Akel MP Irini Charalambidou said Monday she was pleased a bill compensating depositors of legacy Laiki bank would soon head to the plenum for a vote.
“It is with particular satisfaction that I have learned that the legislative proposal we jointly tabled with my colleague Chrysis Pantelides [a Diko MP] amending the bankruptcy law and facilitating the actions of the liquidator for ex-Laiki Bank, is expected to be passed unanimously by the House plenum.”
Charalambidou’s bill would fast-track the return of at least part of the moneys that legacy Laiki’s depositors lost when the bank went into administration in 2013.
The bill effectively amends the bankruptcy law, so that with a court’s permission different procedures may apply in compensating creditors of an insolvent company.
In the case of ex-Laiki’s depositors, seeking to recoup some of their lost savings, they’d be able to be represented en masse by the bank’s liquidator – rather than each one of them having to file a sworn statement with a court and then send registered letters to the liquidator, as is currently the case.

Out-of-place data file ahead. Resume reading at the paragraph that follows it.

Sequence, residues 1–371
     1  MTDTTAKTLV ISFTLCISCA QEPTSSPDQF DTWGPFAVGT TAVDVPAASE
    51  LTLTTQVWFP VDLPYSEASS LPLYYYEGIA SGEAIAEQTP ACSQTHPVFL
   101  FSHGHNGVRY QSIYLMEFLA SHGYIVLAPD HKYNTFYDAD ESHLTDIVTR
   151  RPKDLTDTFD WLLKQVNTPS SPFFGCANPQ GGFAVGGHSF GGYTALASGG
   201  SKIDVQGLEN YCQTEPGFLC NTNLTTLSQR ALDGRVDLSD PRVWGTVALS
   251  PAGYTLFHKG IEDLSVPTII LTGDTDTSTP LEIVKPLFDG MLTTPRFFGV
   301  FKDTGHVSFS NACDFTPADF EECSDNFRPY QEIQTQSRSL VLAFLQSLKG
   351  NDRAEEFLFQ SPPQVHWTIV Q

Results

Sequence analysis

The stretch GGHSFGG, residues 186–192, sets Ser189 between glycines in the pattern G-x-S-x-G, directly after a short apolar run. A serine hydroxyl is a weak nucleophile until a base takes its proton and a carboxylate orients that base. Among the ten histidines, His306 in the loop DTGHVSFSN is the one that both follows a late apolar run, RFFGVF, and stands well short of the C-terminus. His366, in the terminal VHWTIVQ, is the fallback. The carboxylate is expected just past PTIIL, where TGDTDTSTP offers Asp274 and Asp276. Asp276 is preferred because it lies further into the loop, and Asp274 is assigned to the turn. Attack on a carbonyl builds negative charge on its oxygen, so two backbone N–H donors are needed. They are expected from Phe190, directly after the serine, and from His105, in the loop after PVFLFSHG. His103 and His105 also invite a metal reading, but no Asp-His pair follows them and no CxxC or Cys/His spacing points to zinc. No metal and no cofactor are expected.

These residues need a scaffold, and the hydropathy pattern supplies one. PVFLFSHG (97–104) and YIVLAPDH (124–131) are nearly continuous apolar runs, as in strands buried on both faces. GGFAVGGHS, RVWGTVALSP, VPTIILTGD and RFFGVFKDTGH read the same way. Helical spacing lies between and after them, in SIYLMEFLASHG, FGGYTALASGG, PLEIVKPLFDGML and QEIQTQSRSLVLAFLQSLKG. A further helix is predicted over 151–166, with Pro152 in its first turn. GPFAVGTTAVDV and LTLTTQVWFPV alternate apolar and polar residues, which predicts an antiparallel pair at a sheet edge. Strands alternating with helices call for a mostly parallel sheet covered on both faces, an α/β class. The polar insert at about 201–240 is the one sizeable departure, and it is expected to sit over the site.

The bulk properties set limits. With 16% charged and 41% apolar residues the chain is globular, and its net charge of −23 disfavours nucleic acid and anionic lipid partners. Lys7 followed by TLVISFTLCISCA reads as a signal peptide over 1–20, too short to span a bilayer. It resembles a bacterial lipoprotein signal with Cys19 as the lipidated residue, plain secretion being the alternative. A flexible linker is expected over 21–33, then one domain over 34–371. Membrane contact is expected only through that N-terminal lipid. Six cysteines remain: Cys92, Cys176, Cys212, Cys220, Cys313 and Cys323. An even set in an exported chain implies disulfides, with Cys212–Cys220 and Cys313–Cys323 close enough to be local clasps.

As things stand now, the liquidator would have to hire staff to process some 14,000 applications by legacy Laiki’s depositors. This would take too long.
Instead, under the new arrangement being proposed with the bill, the bank’s liquidator would set up an online platform where the depositors will login and enter their ID number and bank account information. Once the. process is complete, any refunds would be made automatically to their bank account
Whereas authorities already have the data on how much money each ex-Laiki depositor lost, the platform would bring all the information in one place, speeding up the process.
Nine years after the bank’s collapse, a liquidator has yet to be appointed for Laiki – also known as Popular Bank. The entity is still under administration. Meanwhile the bank’s assets have declined over time.
Charalambidou’s initiative has been welcomed by a group representing ex-Laiki bank depositors. However the head of the group also pointed out that Laiki’s assets are currently worth anywhere from €200 to €230 million.
Dividing this amount by the number of ‘haircut’ depositors would work out to each depositor getting back a mere 4 per cent of the savings they lost.
For context, the total savings in Laiki that were lost in 2013 came to €3.2 billion.